• The Massachusetts Office of Coastal Zone Management (CZM) has published and/or funded the following materials on aquatic invasive species (AIS), which are categorized below and listed alphabetically by title. (Note: Any views or opinions presented in publications prepared for CZM are solely those of the author[s] and do not necessarily represent those of the Massachusetts Office of Coastal Zone Management, the Executive Office of Energy and Environmental Affairs, or the Commonwealth of Massachusetts. Please see our website policies.) See CZM Publications for the full list of materials published by CZM.

    General Information on Aquatic Invasive Species

    • Defending Massachusetts Against Biological Invaders - This article on page 33 of the Summer 2002 Coastlines pdf format of Coastlines 2002 - Hurricanes
file size 4MB provides an overview of the marine aquatic species issue.
    • State of the Gulf of Maine Report - Marine Invasive Species - This paper, written by CZM and published by the Gulf of Maine Council on the Marine Environment, provides a review of established marine invasive species in the Gulf of Maine, and describes impacts, vectors, emerging threats, and management responses.


    • Implementing Rapid Response to Aquatic Nuisance Species in the Northeast: Key Components of a Successful Program - This document presents proceedings from a May 2005 workshop of the Northeast Aquatic Nuisance Species Panel that offered in-depth information about the key aspects of a successful early detection and rapid response program by featuring presentations on developing a rapid response protocol, model state legislation, obtaining emergency powers, getting legislation passed, alternatives to legislation, and rapid response protocols for other sectors.
    • Managing Seaweed Accumulations on Recreational Beaches pdf format of Seaweed Management Guidance
file size 2MB - This guidance published by CZM in 2013 was developed to help local officials and beach managers effectively address seaweed accumulations on recreational beaches while protecting coastal resources. It focuses on how seaweed is a natural and important part of the marine ecosystem, but when accumulations occur on recreational beaches, conflicts can arise that need to be addressed.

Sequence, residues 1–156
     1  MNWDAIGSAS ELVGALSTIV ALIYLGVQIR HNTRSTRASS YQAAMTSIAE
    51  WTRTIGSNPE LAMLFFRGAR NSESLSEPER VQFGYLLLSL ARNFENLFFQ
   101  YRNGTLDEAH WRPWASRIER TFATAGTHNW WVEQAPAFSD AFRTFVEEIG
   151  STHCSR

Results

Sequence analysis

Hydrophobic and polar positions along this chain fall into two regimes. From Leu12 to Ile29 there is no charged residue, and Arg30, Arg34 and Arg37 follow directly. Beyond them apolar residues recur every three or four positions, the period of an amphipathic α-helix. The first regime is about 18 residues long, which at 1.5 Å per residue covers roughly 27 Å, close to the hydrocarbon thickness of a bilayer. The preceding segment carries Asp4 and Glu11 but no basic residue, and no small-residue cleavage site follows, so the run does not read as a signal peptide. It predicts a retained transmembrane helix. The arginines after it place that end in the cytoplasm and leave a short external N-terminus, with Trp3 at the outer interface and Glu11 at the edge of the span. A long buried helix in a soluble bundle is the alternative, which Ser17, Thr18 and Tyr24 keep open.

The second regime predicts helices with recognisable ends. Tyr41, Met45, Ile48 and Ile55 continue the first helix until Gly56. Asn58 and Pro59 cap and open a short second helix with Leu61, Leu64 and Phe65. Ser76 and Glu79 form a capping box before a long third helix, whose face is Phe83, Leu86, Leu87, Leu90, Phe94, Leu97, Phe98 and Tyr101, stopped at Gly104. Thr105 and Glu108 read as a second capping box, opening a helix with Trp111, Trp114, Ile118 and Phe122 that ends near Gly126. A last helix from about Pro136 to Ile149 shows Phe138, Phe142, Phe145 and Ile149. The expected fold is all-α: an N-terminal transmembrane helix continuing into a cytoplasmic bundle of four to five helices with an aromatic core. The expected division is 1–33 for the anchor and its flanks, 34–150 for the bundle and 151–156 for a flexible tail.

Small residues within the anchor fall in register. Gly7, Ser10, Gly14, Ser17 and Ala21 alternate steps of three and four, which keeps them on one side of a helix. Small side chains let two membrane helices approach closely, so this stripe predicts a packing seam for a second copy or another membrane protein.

• Massachusetts Aquatic Invasive Species Management Plan - This plan, released in 2002, outlines a five-year strategy to manage threats from aquatic invaders. Major components of the plan include a description of existing state and federal authorities and programs, a focus on the impacts of invasive species and management priorities, management objectives and actions, and an implementation timeline.
    • Rapid Response to Aquatic Nuisance Species in the Northeast: Developing an Early Detection and Eradication Protocol - This document presents proceedings from a May 2003 workshop of the Northeast Aquatic Nuisance Species Panel that laid the groundwork for rapid response planning in the region through the presentation of a series of rapid response case studies and other rapid response planning efforts from around the country.


    • Identification Cards - To help detect and monitor marine invasive species, CZM funded the development of 23 species identification cards for marine invaders in the Gulf of Maine. These cards were created by Salem Sound Coastwatch.
    • Non-Native Seaweed in Massachusetts pdf format of non-native-seaweed-fact-sheet.pdf
file size 1MB - Published by CZM in 2013, this fact sheet summarizes information on invasive seaweed species in Massachusetts, their ecology, and potential impacts to the marine ecosystem and economy.
    • Rock Snot Brochure pdf format of Didymo Brochure
- In November 2007, CZM, the Department of Conservation and Recreation, and the Massachusetts Aquatic Invasive Species Working Group issued an alert for the invasive freshwater diatom, Didymosphenia geminata, otherwise known as Didymo or Rock Snot. This alga has the potential to blanket streambeds in a thick mat, leading to a loss of habitat for fish and invertebrates and making swimming and fishing undesirable. Didymo has been discovered in New Hampshire, Vermont, and New York rivers, and the working group is seeking the public's help to keep this invasive species out of Massachusetts waters.


    Rapid Assessment Surveys


    • Codium Up, Eelgrass Down: Invasives Impact Buzzards Bay - This article on page 59 of the 2007 Coastlines pdf format of Coastlines 2007
file size 38MB discusses the impact of the invasive Codium alga on eelgrass habitat.